Because of my student loan debt and my former credit card debt and dental debt, I'm kind of debt-phobic, almost to the point of not ever wanting to have credit cards. I never borrow money or ever seek loans either. I paid off the credit card debt, which was like $5,000 or something. My dental care debt was about $1,000. These two figure may not seem like a lot, but this was during a time I was barely paying my rent and bills and eating only one and a half times a day. I ended up using 50% of my bank account to pay off the dental debt the day before the interest was going to go from 0% to something pretty high. I couldn't really afford it, but I also didn't want to be stressed out with the interest accruing. My student loan debt is just over $100k. Biden's relief will knock this down to about $80k. I have no clue how much I've paid. Half of what I owe is due to interest. I don't expect to ever pay it off, not because I refuse to (as you know I don't care about money), it's just that it's sort of ballooned out reach. I've never missed a payment. Interest is higher than my incom-based repayments, so it just increases. I'm not in as bad of a situation as some. I hear of a lot of people that borrowed, say $50k. Have paid back $50k, but owe like $150k or something like that. A lot of people with upper-level degrees, law degrees, or medical degrees aren't having kids because they're in debt when they are at the age for having kids (25 to 45, especially women). Education costs in this country is a fiasco. If I make at least $100k on AMPU, I'm going to pay it all off so I won't have this millstone on my neck anymore. I'd probably have a 20 year old kid by now if not for student loans. 

 

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3 hours ago, vcczar said:

it's just that it's sort of ballooned out reach. I've never missed a payment. Interest is higher than my incom-based repayments, so it just increases. 

IIRC when Biden signed his student debt relief he also made it so as long as you're making income-based repayments, any interest above that amount is covered by the govt. Which, IMO, is a better policy than the debt relief, since it helps solve the bigger issue of debt being impossible to pay off.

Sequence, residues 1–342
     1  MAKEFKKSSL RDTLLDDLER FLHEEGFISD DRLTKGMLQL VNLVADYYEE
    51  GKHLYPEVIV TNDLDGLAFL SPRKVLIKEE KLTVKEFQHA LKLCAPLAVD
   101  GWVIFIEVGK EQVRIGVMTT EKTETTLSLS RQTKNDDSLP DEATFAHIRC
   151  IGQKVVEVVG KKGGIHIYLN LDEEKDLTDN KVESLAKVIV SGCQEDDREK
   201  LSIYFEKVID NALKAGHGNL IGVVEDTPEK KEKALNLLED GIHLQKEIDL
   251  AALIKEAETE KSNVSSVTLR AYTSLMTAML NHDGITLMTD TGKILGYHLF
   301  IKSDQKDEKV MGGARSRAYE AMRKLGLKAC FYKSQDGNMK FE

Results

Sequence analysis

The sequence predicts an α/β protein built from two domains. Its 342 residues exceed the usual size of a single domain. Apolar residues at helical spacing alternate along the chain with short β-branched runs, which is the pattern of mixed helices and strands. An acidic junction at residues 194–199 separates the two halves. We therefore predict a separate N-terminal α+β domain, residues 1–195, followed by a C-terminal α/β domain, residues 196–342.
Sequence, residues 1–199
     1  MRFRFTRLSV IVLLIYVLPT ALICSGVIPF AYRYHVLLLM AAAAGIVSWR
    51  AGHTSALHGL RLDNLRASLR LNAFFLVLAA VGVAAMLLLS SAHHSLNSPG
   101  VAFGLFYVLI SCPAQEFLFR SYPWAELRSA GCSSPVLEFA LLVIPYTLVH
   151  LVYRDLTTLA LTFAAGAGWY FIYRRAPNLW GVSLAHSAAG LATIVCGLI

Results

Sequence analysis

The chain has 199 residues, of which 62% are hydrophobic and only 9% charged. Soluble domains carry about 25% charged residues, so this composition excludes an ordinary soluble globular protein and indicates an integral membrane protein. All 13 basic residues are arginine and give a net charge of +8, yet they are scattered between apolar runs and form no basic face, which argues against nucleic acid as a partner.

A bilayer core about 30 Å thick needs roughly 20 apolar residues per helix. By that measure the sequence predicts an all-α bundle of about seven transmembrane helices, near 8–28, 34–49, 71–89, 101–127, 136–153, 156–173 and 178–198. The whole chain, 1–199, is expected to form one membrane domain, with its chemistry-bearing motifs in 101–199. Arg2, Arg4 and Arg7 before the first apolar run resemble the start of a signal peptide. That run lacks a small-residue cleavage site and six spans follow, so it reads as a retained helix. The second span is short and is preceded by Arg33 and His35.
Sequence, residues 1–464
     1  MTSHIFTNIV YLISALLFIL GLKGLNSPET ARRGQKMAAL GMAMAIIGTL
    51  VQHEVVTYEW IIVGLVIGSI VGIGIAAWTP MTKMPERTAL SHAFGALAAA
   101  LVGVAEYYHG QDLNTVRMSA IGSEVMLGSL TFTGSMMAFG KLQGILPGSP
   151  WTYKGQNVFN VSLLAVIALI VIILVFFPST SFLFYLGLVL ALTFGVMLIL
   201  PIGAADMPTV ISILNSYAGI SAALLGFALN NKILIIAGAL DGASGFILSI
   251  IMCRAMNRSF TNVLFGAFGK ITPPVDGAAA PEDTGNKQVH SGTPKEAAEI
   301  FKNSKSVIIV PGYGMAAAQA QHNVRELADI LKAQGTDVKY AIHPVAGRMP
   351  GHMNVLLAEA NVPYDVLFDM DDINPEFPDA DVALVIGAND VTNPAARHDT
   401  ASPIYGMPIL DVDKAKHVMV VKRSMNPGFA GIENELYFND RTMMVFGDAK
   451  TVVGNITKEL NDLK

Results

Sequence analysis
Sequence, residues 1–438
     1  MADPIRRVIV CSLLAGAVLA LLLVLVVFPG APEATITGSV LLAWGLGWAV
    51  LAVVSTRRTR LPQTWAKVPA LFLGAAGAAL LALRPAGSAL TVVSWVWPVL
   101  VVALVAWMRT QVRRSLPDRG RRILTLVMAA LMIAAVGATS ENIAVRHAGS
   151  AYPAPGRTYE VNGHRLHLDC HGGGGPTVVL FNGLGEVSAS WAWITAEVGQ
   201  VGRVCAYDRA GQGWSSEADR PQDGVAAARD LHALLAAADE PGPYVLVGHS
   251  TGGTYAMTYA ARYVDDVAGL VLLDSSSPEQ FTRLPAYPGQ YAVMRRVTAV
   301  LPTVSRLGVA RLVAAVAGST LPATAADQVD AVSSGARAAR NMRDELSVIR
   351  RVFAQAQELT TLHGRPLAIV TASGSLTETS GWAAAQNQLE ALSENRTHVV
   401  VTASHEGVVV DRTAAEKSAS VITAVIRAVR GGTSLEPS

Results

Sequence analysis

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56 minutes ago, pilight said:

Any real solution to student debt will have to look to the causes of the issue rather than just palliative measures like the current debt relief proposals.

The cause is the expense of college and the lack of well-paying jobs that make taking on the debt affordable to pay off. Combating the causes needs attention but it’s something that will be much more difficult, much more expensive, and much slower in showing any results than the debt relief proposals. I’d personally like the debt relief tied in with these new proposals. I’d probably have a permanent freeze on loan payments until an education reform mega package is crafted that prevents such a debt pandemic from happening again. 

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On 11/25/2022 at 7:12 PM, DakotaHale said:

They're probably the greatest "points" card if you're into that kind of thing. I will admit they're also seen as kind of a status symbol and novelty item (they're made of metal and require an above-average income/credit score), which is why I may have been more leaning towards it as a premium card than over it's about-equal alternative Chase Sapphire for example. They're also known for excellent customer service and benefits, and are arguably the greatest travel card. Nowadays however they're accepted basically everywhere in the states, and also in foreign countries now. Trying to build up points to fund a decent amount of traveling in my 20s.

I also enjoy the dichotomy of having one of the premium cards on the market and having Discover (which is generally associated with poor/young people) as my two main cards.

Hey my Apple Card is also metal! haha